Russia and Kenya face an Olympic ban. Given that the manipulations of the laws were so extreme, IOC president Thomas Bach has suggested collective exclusion. But there remain loopholes.
The sun reflects off the water of Lake Geneva, a marmot scurries across the lawn in front of the Olympic Museum on the shore. There are camera crews all around reporting on the IOC’s decision to revoke the right for Russian and Kenyan athletes to compete in Rio after breaching anti-doping rules.
Russian commentators criticized the decision as a political punishment against Russia, who have been handed economic sanctions and could yet be stripped of the 2018 World Cup. Commentators in Western Europe, however, have called for the IOC to follow the example set by the World Athletics Federation the IAAF and ban all athletes from the respective nations.
The end of the presumption of innocence
An important decision is needed. For the first time, athletes from two countries are suspected of widespread doping – and it’s for good reason. In Kenya, runners have not been required to provide blood tests in the country, which is effectively a free pass for a doper. In Russia, there are controls but they have been manipulated, as the former head of the Moscow laboratory, Grigori Rodshenkov, admitted.
Russian athletes also systematically avoided several tests that have been carried out since November by the British anti doping agency on behalf of WADA. The WADA secretary general Olivier Niggli described the situation: “They trained in so-called ‘closed towns’ to which the Russian secret service refused us access. The sports federations usually inform doping agencies before 24 hours before the start of an event, and because many competitions take place in remote areas, there is hardly any possibility of control. Coaches and staff are often very hostile to the inspectors.”
The situation has become bad enough for IOC president Thomas Bach to state: “Because the anti-doping sytem in Russia and Kenya is non-compliant and because of the serious doping accusations leveled at Russia, the presumption of innocence for athletes from these nations must be questioned. Now all athletes from the two nations must prove that they are clean.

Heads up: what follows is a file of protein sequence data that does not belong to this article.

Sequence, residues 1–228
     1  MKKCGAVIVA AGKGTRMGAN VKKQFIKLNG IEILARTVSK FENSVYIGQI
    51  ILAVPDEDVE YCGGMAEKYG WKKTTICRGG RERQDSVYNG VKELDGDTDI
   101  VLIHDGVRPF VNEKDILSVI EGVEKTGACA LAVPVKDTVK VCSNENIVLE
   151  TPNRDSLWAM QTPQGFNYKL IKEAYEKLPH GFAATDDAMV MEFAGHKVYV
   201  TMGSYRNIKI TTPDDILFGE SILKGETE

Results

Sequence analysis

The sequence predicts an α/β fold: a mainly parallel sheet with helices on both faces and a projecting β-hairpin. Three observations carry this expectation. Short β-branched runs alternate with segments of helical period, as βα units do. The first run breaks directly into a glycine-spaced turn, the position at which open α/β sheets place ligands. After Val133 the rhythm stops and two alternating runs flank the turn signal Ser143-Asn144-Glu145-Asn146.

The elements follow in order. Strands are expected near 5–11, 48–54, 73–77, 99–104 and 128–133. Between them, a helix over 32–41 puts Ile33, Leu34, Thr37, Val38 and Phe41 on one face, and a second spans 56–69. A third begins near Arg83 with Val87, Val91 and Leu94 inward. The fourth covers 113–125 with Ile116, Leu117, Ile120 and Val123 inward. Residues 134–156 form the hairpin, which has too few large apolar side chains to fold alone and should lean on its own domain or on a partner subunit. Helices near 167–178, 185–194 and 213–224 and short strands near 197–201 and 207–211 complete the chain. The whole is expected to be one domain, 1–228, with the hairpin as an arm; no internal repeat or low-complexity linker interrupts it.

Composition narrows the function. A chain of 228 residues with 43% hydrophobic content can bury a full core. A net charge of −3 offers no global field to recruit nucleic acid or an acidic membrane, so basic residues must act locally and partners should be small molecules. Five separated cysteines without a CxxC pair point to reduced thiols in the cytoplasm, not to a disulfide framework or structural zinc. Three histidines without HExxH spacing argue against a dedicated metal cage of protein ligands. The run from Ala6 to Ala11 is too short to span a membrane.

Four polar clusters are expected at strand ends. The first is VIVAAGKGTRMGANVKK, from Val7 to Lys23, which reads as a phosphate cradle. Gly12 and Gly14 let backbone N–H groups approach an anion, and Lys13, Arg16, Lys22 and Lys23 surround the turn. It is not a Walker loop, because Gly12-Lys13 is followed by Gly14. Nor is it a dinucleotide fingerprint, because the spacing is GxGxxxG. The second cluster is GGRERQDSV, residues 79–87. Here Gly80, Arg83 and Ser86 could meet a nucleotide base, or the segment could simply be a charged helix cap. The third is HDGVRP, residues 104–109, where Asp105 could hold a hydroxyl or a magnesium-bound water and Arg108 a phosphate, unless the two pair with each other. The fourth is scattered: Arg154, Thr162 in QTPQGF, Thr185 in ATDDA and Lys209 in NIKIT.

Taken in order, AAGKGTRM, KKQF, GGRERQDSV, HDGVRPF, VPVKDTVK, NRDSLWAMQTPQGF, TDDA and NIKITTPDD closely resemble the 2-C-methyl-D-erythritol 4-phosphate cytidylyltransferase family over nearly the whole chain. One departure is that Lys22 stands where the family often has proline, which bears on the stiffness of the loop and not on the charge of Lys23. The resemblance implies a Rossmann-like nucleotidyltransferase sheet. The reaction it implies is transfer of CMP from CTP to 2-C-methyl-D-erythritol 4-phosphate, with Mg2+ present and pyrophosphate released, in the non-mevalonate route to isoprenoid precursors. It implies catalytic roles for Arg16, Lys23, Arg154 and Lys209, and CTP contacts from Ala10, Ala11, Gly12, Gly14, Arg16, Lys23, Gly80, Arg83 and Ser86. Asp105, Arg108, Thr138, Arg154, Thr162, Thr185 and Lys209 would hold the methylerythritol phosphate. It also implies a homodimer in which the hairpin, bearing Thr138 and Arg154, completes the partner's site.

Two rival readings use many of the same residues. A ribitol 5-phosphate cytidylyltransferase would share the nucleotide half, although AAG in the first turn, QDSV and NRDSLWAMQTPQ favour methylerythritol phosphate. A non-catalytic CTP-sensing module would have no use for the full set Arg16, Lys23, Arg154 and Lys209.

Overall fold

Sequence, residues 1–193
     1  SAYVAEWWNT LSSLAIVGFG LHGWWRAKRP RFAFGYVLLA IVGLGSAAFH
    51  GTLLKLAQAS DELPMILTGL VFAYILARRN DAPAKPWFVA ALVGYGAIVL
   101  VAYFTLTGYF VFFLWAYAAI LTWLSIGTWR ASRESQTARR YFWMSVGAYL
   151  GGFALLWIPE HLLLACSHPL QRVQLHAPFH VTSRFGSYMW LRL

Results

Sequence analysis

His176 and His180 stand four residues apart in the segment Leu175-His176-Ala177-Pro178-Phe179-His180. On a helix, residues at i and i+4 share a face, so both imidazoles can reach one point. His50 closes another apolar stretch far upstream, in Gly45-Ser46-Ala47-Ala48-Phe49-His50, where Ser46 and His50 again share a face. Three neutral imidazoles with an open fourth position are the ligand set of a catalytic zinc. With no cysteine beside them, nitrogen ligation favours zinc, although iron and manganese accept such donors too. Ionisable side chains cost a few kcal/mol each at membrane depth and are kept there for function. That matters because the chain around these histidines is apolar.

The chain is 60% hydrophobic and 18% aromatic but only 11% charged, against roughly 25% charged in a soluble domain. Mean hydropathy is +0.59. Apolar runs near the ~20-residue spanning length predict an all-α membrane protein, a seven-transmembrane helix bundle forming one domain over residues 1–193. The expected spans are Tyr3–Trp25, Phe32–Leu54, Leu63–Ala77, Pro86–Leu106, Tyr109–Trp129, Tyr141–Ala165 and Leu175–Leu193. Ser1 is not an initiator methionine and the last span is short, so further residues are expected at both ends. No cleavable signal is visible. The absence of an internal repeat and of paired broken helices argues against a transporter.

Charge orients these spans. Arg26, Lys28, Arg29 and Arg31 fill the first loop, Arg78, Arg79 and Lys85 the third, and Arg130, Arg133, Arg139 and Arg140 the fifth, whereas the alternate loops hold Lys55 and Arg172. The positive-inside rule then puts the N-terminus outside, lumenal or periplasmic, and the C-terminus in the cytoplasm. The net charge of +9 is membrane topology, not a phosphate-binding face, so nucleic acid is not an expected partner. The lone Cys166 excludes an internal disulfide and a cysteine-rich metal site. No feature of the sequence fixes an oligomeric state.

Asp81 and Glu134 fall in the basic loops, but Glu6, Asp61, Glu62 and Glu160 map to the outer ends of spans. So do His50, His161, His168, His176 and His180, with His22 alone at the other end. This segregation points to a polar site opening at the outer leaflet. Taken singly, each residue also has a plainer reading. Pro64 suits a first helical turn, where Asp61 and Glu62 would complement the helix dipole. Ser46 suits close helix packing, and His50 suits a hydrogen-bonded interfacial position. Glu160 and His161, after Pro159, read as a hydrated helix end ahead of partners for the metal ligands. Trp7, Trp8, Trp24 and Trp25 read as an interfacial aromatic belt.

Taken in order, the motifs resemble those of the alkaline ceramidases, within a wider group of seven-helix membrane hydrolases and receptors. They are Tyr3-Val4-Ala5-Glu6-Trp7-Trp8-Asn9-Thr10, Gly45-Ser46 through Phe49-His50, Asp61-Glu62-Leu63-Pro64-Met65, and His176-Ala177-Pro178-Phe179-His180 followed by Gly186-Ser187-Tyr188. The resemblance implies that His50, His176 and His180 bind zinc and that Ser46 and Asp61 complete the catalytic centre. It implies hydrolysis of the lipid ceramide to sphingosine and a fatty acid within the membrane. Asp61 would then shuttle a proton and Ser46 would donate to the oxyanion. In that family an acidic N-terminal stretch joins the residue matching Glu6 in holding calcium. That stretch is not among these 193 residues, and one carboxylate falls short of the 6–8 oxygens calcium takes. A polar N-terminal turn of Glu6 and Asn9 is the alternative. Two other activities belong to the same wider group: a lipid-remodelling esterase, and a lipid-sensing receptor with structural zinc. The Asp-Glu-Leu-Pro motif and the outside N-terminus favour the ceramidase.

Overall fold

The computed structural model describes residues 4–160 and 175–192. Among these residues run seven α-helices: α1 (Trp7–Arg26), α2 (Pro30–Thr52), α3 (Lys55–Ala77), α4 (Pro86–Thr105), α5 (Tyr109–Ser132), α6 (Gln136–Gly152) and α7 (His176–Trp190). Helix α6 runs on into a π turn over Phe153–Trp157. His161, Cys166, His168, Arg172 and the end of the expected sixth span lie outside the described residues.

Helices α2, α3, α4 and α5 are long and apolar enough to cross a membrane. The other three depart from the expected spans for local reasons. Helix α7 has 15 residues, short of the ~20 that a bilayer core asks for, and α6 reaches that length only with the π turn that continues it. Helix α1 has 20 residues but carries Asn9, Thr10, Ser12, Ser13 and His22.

This decision is a consequence of the failure of the anti-doping system. Those who were ‘smart enough’ to take substances well dosed and disguised in the ‘submission’ phase hardly fear the unmasking.
Room to manoeuver
There may not be a blanket ban on all Russian and Kenyan athletes, with Bach suggesting that he is leaving the back door open. Athletes who are capable of showing they were outside of the corrupt test practices of their countries and are clean themselves, can apply to compete in Rio.
“The international professional associations are responsible,” insisted Bach, whose statement is correct, but also cleverly evasive. He has condemned both nations but transferred responsibility to the associations.Rather than blaming Vladimir Putin, he has left the potential for outrage at the doorstep of Sebastian Coe.
Then comes the issue of which types of control must be implemented in the future. The modern doper can evade one or two tests, but it takes much longer to analyse hormone and blood counts. Checks in the summer provide no indication as to whether heavy doping in winter and spring has built the foundations for this level of performance. Stronger leadership from the IOC would have been good here as we face a first ever Olympic disqualification.